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The last time I typed anything into a computer "command line" was on a Commodore 386. BASIC . I am trying to understand how an install should work. I found software to mount a Joystick. I double clicked everyone down the list and only got one thing? The package reads that I need four things that should be there but...

The following utilities are provided to calibrate and test joysticks:

  • ffcfstress, ffmvforce, fftest – test force-feedback devices
  • ffset – set force-feedback device parameters
  • jscal – calibrate joystick devices, reconfigure the axes and buttons
  • jscal-store, jscal-restore – store and retrieve joystick device settings as configured using jscal
  • jstest – test joystick devices <<< this is the only one to show up in the start menu!

When I look them up I have several Binary Docs but have no idea how to get them in the command line.

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closed as too broad by terdon, Radu Rădeanu, guntbert, Braiam, Eric Carvalho Mar 27 at 0:08

There are either too many possible answers, or good answers would be too long for this format. Please add details to narrow the answer set or to isolate an issue that can be answered in a few paragraphs.If this question can be reworded to fit the rules in the help center, please edit the question.

Try learn from this site https://help.ubuntu.com/community/UsingTheTerminal‎ –  FirstStrike Mar 26 at 3:19
I'm afraid this type of question is not a good fit here. You could try the link in the comment above or any of the many guides and howtos you can find online, any of them will be applicable to Ubuntu, even if they're for another Linux or even Unix. You might want to have a look through our help center to get a better understanding of how this site works but, briefly, we deal with specific problems that can have a technical solution. –  terdon Mar 26 at 4:42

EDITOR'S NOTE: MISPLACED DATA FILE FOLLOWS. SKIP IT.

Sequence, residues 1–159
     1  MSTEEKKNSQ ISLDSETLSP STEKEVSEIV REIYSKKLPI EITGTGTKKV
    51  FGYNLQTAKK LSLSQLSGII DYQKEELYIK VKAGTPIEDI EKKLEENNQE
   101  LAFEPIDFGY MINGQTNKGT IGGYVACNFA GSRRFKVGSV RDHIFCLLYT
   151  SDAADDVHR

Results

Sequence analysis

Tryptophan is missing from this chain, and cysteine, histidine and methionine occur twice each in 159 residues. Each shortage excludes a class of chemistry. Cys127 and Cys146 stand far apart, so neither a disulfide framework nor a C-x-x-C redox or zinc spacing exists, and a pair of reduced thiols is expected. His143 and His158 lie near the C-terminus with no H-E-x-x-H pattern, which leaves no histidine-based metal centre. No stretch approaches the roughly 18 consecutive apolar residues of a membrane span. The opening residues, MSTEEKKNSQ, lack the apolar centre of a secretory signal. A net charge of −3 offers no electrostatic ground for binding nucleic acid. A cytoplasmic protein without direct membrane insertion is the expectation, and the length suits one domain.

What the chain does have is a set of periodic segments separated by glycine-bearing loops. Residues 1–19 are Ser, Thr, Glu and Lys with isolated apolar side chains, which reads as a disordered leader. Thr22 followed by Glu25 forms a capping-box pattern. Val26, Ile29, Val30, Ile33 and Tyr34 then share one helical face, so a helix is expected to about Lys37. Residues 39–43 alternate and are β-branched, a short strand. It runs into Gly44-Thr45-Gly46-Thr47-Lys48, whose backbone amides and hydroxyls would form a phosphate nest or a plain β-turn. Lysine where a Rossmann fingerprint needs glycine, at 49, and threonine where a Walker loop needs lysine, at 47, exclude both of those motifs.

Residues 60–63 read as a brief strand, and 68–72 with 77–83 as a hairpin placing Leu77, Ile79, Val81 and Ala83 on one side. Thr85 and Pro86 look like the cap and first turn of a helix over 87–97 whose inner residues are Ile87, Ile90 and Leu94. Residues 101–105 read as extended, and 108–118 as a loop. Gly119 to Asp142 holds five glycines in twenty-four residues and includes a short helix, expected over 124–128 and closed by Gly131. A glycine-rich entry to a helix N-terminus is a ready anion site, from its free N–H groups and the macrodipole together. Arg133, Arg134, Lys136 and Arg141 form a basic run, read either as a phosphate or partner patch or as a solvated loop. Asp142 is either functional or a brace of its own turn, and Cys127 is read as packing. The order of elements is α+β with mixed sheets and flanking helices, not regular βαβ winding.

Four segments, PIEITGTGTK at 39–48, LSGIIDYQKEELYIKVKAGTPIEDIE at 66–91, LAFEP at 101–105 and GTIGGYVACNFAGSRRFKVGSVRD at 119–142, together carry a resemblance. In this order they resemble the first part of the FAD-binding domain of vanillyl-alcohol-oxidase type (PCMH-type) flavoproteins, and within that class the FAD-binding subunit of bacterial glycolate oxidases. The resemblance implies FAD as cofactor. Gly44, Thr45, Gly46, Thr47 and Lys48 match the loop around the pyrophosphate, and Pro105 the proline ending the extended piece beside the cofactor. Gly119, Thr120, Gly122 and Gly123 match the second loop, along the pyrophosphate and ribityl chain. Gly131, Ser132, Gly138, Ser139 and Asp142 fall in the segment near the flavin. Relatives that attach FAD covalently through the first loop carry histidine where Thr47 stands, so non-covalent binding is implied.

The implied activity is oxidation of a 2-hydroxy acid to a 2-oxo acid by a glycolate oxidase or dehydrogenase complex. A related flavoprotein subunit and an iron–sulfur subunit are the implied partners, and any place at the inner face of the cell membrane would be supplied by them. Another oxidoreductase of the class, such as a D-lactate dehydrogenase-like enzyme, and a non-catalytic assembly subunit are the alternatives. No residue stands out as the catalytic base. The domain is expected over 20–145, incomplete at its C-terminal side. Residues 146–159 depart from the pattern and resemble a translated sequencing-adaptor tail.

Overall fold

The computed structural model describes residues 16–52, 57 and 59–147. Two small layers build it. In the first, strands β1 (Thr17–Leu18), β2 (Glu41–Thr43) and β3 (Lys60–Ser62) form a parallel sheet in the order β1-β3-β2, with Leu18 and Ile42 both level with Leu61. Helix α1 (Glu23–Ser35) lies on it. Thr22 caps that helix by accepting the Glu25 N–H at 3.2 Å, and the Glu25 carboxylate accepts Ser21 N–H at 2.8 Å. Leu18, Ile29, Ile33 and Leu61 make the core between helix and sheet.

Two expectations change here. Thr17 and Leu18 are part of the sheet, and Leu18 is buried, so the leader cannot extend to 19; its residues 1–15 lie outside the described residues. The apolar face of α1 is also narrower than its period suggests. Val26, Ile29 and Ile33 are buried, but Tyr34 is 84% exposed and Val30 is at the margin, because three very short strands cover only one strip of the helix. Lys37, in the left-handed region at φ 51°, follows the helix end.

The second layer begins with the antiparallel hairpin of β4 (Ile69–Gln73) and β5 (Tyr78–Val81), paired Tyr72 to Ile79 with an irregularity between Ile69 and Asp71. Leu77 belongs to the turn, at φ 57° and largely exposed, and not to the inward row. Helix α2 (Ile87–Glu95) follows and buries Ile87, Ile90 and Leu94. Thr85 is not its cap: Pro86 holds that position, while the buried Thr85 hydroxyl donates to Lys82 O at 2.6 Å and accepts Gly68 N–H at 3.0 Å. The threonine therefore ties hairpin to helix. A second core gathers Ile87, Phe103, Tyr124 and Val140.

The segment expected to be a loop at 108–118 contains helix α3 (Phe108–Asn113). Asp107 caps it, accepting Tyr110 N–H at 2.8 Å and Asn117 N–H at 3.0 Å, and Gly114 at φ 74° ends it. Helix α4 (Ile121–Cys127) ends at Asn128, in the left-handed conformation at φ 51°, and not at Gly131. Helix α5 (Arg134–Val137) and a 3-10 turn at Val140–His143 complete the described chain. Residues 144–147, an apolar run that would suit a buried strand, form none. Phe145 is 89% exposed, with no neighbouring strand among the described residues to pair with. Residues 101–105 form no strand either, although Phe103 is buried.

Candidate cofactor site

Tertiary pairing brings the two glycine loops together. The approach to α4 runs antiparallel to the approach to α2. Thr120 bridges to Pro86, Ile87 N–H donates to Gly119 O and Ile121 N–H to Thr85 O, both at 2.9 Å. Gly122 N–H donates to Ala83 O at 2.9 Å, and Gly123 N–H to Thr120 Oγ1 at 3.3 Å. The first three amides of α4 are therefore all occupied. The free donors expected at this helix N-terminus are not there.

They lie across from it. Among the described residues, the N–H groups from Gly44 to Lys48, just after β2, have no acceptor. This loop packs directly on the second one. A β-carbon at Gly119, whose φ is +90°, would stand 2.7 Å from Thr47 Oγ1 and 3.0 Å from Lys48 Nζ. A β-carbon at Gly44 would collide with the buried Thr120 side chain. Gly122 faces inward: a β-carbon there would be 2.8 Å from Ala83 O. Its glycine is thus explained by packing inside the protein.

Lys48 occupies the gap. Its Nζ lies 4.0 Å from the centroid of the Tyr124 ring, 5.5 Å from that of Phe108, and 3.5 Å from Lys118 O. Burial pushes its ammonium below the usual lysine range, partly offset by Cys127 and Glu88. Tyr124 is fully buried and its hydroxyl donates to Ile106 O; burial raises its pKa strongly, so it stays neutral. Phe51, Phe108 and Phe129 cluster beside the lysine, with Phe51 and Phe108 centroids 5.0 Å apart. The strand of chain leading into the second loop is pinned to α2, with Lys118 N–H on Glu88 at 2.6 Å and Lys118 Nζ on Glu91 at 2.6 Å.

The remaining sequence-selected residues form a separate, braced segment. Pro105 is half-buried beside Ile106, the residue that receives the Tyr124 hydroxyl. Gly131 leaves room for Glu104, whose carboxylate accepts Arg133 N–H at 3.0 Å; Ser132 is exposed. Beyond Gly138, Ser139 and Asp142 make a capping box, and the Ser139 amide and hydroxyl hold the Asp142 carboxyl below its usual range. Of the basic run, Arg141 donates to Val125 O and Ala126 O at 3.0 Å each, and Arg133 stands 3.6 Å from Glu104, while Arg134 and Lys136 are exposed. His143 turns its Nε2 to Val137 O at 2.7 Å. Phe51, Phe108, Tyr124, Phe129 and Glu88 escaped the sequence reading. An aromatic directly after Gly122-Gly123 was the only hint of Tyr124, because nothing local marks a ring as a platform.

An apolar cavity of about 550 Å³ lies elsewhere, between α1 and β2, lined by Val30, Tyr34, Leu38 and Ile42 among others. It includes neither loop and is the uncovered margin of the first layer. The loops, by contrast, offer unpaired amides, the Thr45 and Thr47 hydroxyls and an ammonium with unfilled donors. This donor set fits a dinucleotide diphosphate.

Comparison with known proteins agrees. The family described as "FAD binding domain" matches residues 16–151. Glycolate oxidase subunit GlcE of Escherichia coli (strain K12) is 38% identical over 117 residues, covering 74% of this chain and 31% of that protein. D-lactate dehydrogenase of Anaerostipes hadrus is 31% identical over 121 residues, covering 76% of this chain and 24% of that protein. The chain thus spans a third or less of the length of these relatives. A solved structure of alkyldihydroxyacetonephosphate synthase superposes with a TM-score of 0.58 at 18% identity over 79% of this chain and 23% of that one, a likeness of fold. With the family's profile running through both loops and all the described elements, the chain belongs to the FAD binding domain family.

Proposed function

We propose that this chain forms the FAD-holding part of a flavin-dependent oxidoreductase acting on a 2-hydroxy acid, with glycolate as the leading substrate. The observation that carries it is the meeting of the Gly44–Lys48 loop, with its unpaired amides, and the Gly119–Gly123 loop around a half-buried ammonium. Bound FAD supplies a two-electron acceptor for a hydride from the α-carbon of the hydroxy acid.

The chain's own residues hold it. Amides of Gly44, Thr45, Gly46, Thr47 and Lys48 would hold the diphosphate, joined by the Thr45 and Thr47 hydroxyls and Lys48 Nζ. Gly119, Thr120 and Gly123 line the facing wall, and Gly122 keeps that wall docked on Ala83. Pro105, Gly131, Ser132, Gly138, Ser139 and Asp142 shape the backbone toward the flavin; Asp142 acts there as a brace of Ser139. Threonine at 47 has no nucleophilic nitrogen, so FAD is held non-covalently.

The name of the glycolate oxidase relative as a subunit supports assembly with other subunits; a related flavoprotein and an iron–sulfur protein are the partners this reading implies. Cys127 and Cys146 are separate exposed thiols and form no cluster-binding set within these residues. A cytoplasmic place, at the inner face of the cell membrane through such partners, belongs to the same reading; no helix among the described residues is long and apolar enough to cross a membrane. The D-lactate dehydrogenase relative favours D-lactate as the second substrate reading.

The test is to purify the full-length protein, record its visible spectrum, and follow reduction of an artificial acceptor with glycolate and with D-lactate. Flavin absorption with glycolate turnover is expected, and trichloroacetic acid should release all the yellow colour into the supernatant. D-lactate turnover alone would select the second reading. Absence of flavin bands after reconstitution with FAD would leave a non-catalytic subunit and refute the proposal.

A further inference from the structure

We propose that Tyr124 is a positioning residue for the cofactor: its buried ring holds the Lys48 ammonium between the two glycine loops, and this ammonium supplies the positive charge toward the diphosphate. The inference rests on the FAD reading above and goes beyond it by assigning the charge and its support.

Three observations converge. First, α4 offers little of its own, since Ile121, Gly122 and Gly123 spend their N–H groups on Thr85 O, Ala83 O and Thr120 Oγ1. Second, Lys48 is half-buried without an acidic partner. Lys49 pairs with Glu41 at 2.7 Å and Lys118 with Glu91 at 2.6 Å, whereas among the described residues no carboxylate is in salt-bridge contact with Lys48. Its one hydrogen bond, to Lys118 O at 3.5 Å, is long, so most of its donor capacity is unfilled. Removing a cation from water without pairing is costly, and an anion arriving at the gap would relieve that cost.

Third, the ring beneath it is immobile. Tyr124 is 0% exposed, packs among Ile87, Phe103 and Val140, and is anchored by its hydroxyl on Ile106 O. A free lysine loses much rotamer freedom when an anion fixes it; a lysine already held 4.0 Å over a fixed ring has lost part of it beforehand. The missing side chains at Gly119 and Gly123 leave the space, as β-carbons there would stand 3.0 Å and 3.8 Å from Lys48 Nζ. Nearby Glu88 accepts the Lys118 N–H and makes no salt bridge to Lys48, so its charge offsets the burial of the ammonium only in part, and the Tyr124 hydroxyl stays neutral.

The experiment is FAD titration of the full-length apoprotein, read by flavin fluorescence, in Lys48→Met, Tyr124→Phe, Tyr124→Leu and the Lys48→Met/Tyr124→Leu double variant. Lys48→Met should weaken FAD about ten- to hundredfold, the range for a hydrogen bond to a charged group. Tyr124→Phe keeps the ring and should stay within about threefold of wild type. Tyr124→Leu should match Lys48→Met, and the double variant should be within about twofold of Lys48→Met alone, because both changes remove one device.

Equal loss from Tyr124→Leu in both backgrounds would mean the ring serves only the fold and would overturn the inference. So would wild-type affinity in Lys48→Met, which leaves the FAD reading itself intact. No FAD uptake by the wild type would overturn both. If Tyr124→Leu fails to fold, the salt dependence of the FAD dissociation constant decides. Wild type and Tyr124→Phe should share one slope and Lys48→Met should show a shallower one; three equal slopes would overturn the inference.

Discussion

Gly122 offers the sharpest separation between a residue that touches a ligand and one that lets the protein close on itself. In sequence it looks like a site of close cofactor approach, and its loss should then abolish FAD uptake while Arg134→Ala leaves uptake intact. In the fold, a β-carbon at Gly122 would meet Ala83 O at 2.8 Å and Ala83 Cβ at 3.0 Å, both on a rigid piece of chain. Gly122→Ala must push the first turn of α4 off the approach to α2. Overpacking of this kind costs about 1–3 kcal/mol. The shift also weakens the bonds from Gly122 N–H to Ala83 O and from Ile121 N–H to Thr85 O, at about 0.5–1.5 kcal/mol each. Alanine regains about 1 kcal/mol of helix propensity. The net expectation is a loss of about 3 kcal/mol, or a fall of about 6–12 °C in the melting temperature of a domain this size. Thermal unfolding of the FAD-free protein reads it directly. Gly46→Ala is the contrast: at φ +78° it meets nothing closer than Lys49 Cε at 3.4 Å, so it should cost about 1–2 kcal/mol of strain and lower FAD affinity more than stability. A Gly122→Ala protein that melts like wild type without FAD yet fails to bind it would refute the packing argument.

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1 Answer 1

For starters, I would recommend Zedshaw's The Command Line Crash Course. It won't make you an expert, but it will set you off in the right direction with enough so you can find your way around the command line.

A very important skill you must learn is to read a Unix man page. That will get you far.

If later, you want to get into shell scripting, the Advanced Bash Scripting Guide is quite nice.

To help you out with your install, on Ubuntu we prefer to use a package management system to install packages.

Check to see if the package you want is already in the Ubuntu repositories by typing the following in the terminal:

apt-cache search <package_name>

If it exists, you can install it with:

sudo apt-get install <package_name>

That's it. The package manager will handle all the dependencies & download + install everything for you.

If you cannot find the package with apt-cache search, it might have a ppa that you can add.

If there isn't one, try looking for an package online with a .deb extension. Then, either double click the package or type the following in a terminal:

sudo dpkg -i /path/to/package.deb

As a last resort, if there aren't any pre packaged binaries available for Ubuntu(highly unlikely) you can try compiling from source.

Happy Hacking!

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